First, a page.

HBO's take on Ray Bradbury's classic novel Fahrenheit 451 will be different from the source material but will stay true to it thematically, co-writer, executive producer and director Ramin Bahrani told reporters Thursday at the Television Critics Association's winter press tour.
The drama, which HBO pursued for years, is based on Bradbury's 1953 dystopian tale, which depicts a future where media is an opiate, history is outlawed and "firemen" burn books. It revolves around Montag (Michael B. Jordan, who also exec produces), a young fireman who forsakes his world, battles his mentor and struggles to regain his humanity.
Michael Shannon (The Shape of Water, Boardwalk Empire) plays Beatty, Montag's fire captain and mentor. Sofia Boutella (The Mummy, Kingsman: The Secret Service) portrays Clarisse, an informant caught between the competing interests of Montag and Beatty.
"It was daunting to take on Bradbury because he's such a genius and a legend," said Bahrani. "Me and so many people love his work. When you do an adaptation, you're going to change things. I knew I would upset somebody. I tried to stay true to the themes, even if I changed certain characters and plot lines. To take them and modernize them. It wasn't easy."
Bahrani, who co-wrote the telepic alongside Amir Naderi and reteams with Shannon after he starred in their feature 99 Homes, confessed that he told his agent at one point that he should call HBO and refund the network's money because he felt that he couldn't finish the script. He spoke at length about the parallels between Bradbury's 1953 work and what's happening in the world today.
"I don't want to focus so much on [President Donald Trump] because I don't want to excuse the 30 to 40 years prior to that; he's just an exaggeration of it now," he said. "I don't want us to forget what Bradbury said — that we asked for this. We elected [politicians] over many decades, we're electing this thing in my pocket [pulls out his cellphone]. Between the technological advancements in the last 20 years and politics, Bradbury's biggest concern about the erosion of culture is now."
Bahrani said he never had the opportunity to meet with Bradbury before his death but did an extensive amount of research, watching and reading multiple interviews and more. "Bradbury's novel was set in the future where he was predicting having screens on the wall that you could interact with. Social media and supercomputers like my phone are real now. [The film] is not set in the distant future, like Bradbury's novel, but an alternate tomorrow where technology is here right now — like Amazon's Alexa," he said. "One of the things in the film is storing knowledge, books in DNA. This exists now. All your drives could be stored 100-fold in DNA. There was no reason to put it in the future; it's just [set in] a strange tomorrow."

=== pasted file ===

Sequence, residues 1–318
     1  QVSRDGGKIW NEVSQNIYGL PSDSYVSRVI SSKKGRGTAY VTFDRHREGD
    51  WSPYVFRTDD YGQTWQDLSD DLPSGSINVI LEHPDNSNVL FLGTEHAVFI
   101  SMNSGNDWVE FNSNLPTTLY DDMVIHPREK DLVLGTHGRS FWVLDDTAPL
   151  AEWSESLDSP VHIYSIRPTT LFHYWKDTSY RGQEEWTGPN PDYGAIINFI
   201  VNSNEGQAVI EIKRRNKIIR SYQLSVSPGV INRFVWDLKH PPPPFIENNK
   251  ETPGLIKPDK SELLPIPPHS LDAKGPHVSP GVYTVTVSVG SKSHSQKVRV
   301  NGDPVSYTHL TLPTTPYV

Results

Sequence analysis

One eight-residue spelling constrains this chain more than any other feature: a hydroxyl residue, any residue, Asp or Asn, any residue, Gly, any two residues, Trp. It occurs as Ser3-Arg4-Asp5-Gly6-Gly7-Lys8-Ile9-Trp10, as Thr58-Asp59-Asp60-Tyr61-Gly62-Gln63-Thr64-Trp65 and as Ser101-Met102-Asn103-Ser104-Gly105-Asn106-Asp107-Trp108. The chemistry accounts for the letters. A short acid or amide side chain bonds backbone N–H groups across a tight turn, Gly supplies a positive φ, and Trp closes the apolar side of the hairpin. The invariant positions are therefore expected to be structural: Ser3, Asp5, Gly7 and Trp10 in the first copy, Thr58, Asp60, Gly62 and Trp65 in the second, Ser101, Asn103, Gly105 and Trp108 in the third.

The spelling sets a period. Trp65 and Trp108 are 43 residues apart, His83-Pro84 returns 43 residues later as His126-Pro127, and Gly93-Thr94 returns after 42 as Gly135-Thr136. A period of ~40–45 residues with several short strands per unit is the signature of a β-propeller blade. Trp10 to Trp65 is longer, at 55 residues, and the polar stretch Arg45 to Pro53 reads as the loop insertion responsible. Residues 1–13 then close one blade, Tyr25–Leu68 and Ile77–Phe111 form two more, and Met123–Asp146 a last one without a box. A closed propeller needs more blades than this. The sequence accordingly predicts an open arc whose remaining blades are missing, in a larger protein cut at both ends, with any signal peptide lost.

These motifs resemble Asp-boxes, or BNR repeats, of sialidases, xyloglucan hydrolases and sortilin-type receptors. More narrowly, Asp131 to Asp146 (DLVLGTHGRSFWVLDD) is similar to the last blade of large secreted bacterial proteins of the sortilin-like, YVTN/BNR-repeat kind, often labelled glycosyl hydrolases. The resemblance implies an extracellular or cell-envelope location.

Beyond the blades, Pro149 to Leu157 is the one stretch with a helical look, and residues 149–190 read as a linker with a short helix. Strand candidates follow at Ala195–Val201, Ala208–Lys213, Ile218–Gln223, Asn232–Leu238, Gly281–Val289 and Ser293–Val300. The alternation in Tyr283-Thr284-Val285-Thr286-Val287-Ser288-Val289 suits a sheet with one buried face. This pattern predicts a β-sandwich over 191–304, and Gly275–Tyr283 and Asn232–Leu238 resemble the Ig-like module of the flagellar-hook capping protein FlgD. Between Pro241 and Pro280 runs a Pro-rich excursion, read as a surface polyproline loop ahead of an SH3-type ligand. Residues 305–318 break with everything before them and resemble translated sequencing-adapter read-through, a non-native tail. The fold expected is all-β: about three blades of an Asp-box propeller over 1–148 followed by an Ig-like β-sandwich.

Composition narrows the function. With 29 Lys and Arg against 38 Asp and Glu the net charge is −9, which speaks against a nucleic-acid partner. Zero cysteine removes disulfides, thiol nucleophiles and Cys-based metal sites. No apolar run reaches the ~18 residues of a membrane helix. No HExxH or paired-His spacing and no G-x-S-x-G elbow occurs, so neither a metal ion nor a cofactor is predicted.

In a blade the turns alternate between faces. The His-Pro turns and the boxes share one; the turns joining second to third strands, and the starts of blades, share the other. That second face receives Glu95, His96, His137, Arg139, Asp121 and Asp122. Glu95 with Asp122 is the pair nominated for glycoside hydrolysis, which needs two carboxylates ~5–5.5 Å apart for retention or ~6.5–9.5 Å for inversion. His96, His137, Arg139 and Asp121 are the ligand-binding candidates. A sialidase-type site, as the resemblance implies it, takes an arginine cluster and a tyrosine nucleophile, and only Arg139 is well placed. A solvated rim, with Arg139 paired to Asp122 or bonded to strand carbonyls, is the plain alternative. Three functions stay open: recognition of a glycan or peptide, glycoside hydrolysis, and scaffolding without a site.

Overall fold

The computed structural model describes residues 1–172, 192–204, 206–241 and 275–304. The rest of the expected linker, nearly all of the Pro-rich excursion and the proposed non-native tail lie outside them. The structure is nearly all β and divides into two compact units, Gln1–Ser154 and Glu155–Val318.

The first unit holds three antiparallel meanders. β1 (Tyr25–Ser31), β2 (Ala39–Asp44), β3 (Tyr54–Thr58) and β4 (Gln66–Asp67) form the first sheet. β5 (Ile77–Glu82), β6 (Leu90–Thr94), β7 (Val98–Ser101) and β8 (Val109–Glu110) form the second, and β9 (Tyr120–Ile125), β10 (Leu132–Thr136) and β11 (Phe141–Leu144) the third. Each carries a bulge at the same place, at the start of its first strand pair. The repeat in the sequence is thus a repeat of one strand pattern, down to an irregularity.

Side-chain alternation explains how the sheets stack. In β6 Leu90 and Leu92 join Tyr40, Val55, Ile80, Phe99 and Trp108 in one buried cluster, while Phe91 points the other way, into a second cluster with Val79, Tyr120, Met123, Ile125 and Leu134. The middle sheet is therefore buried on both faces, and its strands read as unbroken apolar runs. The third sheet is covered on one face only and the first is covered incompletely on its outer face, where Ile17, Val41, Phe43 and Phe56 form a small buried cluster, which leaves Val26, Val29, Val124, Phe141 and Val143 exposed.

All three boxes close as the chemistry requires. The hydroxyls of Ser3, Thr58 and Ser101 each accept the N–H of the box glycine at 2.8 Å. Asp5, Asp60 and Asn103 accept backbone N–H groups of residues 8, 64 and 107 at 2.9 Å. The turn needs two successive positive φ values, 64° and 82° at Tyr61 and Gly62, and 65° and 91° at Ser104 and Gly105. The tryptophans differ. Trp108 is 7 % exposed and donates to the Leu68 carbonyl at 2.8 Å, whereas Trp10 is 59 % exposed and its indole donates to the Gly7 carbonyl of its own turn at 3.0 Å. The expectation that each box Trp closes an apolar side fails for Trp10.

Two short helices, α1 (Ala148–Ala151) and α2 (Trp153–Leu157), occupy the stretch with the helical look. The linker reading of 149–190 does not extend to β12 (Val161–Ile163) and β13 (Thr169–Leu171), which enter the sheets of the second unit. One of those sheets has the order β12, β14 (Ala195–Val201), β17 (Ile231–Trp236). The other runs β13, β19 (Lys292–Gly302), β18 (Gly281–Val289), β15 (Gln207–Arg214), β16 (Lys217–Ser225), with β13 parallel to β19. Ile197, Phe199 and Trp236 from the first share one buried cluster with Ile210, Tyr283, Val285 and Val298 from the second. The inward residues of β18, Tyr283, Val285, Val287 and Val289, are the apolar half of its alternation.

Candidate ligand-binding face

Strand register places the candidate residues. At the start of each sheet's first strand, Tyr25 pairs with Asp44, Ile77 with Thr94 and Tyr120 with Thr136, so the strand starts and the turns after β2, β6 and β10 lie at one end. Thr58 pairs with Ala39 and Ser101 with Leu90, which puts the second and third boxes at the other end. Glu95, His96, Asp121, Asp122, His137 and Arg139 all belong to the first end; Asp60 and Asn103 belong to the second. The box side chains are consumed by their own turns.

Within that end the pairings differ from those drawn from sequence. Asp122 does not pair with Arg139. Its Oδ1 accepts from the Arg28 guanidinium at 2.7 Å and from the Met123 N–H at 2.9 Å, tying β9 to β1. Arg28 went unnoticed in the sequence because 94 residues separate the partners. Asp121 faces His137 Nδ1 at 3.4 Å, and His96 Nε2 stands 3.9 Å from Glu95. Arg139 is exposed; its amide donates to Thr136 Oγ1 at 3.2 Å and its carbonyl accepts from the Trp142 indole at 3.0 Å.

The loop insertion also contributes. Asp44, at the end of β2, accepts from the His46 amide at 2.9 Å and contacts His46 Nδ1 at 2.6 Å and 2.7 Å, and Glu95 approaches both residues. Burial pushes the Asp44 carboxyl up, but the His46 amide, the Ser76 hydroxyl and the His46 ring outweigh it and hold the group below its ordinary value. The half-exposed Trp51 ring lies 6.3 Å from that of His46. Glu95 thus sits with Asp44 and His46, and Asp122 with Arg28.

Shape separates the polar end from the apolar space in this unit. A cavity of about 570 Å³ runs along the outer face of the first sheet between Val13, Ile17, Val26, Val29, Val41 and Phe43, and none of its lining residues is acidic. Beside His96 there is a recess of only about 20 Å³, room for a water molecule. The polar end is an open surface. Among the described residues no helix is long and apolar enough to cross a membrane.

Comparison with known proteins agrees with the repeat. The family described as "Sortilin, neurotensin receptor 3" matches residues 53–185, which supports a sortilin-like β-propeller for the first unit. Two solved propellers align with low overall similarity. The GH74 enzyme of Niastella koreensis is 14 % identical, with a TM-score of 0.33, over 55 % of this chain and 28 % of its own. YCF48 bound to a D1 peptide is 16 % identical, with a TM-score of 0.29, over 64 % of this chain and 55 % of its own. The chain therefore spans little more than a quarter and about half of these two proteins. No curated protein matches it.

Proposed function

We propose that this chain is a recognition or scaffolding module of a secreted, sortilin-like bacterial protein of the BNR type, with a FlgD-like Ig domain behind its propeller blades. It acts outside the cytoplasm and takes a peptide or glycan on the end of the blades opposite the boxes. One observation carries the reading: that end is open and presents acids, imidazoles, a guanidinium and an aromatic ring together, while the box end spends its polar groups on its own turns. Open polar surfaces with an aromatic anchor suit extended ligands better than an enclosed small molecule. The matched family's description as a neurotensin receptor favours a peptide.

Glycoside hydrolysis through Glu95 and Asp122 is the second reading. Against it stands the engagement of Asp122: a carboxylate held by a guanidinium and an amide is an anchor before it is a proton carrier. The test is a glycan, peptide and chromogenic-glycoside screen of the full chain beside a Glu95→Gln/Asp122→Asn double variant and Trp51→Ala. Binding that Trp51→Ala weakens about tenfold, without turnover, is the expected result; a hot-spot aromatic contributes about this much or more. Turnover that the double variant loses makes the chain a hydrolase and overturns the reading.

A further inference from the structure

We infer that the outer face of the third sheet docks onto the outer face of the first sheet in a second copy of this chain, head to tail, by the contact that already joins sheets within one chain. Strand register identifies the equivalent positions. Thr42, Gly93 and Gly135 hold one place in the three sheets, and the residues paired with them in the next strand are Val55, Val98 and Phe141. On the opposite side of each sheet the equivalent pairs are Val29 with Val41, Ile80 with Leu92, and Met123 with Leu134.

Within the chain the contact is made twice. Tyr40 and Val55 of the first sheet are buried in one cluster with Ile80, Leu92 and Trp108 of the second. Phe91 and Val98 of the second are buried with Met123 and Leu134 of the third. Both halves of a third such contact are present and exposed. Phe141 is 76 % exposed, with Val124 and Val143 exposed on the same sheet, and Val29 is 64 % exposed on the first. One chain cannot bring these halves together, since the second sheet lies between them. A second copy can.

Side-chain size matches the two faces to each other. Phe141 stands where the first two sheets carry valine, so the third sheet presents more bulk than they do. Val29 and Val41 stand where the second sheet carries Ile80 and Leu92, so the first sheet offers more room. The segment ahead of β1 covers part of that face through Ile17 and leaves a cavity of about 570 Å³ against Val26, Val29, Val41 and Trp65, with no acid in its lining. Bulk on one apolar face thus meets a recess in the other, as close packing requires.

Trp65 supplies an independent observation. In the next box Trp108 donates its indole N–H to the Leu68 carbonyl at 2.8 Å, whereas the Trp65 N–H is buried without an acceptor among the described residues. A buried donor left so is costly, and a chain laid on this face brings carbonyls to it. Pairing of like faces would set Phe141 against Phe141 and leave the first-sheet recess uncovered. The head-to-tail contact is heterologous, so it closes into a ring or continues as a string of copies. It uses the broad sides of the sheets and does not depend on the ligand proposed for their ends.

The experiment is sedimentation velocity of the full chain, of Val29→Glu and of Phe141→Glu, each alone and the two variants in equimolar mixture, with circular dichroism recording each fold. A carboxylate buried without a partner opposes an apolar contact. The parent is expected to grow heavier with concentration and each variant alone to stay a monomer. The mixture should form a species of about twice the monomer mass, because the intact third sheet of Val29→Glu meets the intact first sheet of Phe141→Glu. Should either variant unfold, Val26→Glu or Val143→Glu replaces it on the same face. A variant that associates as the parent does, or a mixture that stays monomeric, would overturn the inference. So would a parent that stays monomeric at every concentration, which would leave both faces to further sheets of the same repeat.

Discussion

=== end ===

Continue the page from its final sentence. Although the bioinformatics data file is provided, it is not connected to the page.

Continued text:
Bahrani noted that he has loved Bradbury's book since college and felt it was important to address the wealth of knowledge that exists on the internet as well in his take on the source material. "How do you take Bradbury's themes — some were so prophetic — it wouldn't be hard to start to manipulate and control what's happening on the internet," he noted. "Bradbury was concerned about mass entertainment — Reader's Digest, short soundbites. He thought all that would destroy concepts of thinking, reading and knowledge. [We] get into tweets and Wiki entries, which are shorter versions of Reader's Digest. We're all guilty about reading headlines. That goes to what one of the things I think is different between Bradbury's novel and 1984. Bradbury says we've asked for this. In the movie, it's Sofia's character who says that to Michael."
Jordan, who was scheduled to appear, was unable to make the TCA panel as he was home with the flu. Shannon was in Chicago directing a play.
Fahrenheit 451 will premiere in the spring on HBO. A specific date has not yet been determined. Watch the teaser for the movie, below.